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PLoS One. 2015 Aug 7;10(8):e0135018. doi: 10.1371/journal.pone.0135018. eCollection 2015.

1H-MRS Measured Ectopic Fat in Liver and Muscle in Danish Lean and Obese Children and Adolescents.

Author information

1
The Children's Obesity Clinic, Department of Pediatrics, Copenhagen University Hospital Holbæk, Holbæk, Denmark; The Novo Nordisk Foundation Center for Basic Metabolic Research, Section of Metabolic Genetics, Faculty of Medical and Health Sciences, University of Copenhagen, Copenhagen Ø, Denmark.
2
Department of Diagnostic Radiology, Copenhagen University Hospital Herlev, Herlev, Denmark.
3
The Novo Nordisk Foundation Center for Basic Metabolic Research, Section of Metabolic Genetics, Faculty of Medical and Health Sciences, University of Copenhagen, Copenhagen Ø, Denmark.
4
The Children's Obesity Clinic, Department of Pediatrics, Copenhagen University Hospital Holbæk, Holbæk, Denmark.
5
The Novo Nordisk Foundation Center for Basic Metabolic Research, Section of Metabolic Genetics, Faculty of Medical and Health Sciences, University of Copenhagen, Copenhagen Ø, Denmark; University of Southern Denmark, Faculty of Health Sciences, Odense, Denmark.
6
Department of Diagnostic Radiology, Copenhagen University Hospital Herlev, Herlev, Denmark; University of Copenhagen, Faculty of Medical and Health Sciences, Copenhagen N, Denmark.
7
The Children's Obesity Clinic, Department of Pediatrics, Copenhagen University Hospital Holbæk, Holbæk, Denmark; University of Copenhagen, Faculty of Medical and Health Sciences, Copenhagen N, Denmark.

Abstract

OBJECTIVES:

This cross sectional study aims to investigate the associations between ectopic lipid accumulation in liver and skeletal muscle and biochemical measures, estimates of insulin resistance, anthropometry, and blood pressure in lean and overweight/obese children.

METHODS:

Fasting plasma glucose, serum lipids, serum insulin, and expressions of insulin resistance, anthropometry, blood pressure, and magnetic resonance spectroscopy of liver and muscle fat were obtained in 327 Danish children and adolescents aged 8-18 years.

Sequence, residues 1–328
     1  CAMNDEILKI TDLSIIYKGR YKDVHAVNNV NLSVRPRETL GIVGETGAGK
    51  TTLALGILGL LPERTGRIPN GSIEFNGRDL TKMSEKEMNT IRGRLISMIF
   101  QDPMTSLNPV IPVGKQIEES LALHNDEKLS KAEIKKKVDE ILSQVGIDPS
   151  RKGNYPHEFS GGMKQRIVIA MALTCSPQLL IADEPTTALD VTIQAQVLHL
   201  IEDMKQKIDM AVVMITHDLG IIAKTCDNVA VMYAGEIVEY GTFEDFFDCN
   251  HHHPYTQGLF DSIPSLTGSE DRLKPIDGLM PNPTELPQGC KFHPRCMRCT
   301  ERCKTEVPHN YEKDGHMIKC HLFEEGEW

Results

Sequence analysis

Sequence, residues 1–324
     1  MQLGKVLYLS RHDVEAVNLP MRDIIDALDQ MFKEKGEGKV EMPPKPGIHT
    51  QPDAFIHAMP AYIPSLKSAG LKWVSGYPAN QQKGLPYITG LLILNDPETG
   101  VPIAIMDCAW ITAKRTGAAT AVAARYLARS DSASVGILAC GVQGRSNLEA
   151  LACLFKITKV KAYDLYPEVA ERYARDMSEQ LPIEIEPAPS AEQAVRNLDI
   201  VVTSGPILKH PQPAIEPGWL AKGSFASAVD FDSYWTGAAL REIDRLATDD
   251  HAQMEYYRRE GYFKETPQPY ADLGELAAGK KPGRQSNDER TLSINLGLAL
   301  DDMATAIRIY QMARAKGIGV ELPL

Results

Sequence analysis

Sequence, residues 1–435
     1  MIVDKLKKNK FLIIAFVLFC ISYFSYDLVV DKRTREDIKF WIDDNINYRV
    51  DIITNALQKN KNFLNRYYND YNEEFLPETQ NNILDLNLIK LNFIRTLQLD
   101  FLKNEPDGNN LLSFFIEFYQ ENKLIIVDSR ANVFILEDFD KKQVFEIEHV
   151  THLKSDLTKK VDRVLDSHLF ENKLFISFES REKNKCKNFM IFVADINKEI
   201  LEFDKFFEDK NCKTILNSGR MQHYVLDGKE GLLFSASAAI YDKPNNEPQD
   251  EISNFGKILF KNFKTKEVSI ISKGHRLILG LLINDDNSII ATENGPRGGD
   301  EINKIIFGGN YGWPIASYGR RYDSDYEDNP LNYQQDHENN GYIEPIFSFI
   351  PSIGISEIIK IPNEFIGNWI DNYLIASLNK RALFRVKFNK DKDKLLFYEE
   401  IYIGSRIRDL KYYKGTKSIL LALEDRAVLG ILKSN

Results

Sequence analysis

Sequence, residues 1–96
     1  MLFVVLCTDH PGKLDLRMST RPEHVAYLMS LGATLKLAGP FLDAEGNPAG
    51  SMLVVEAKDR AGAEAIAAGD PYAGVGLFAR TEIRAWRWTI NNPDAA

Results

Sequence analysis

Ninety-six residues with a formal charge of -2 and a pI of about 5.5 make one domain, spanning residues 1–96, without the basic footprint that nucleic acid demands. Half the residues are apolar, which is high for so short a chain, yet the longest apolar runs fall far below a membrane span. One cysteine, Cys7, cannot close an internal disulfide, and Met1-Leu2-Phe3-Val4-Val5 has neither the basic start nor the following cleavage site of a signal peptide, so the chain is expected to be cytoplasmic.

RESULTS:

In 287 overweight/obese children, the prevalences of hepatic and muscular steatosis were 31% and 68%, respectively, whereas the prevalences in 40 lean children were 3% and 10%, respectively. A multiple regression analysis adjusted for age, sex, body mass index z-score (BMI SDS), and pubertal development showed that the OR of exhibiting dyslipidemia was 4.2 (95%CI: [1.8; 10.2], p = 0.0009) when hepatic steatosis was present. Comparing the simultaneous presence of hepatic and muscular steatosis with no presence of steatosis, the OR of exhibiting dyslipidemia was 5.8 (95%CI: [2.0; 18.6], p = 0.002). No significant associations between muscle fat and dyslipidemia, impaired fasting glucose, or blood pressure were observed. Liver and muscle fat, adjusted for age, sex, BMI SDS, and pubertal development, associated to BMI SDS and glycosylated hemoglobin, while only liver fat associated to visceral and subcutaneous adipose tissue and intramyocellular lipid associated inversely to high density lipoprotein cholesterol.

CONCLUSION:

Hepatic steatosis is associated with dyslipidemia and liver and muscle fat depositions are linked to obesity-related metabolic dysfunctions, especially glycosylated hemoglobin, in children and adolescents, which suggest an increased cardiovascular disease risk.

PMID:
26252778
PMCID:
PMC4529156
DOI:
10.1371/journal.pone.0135018
[Indexed for MEDLINE]
Free PMC Article

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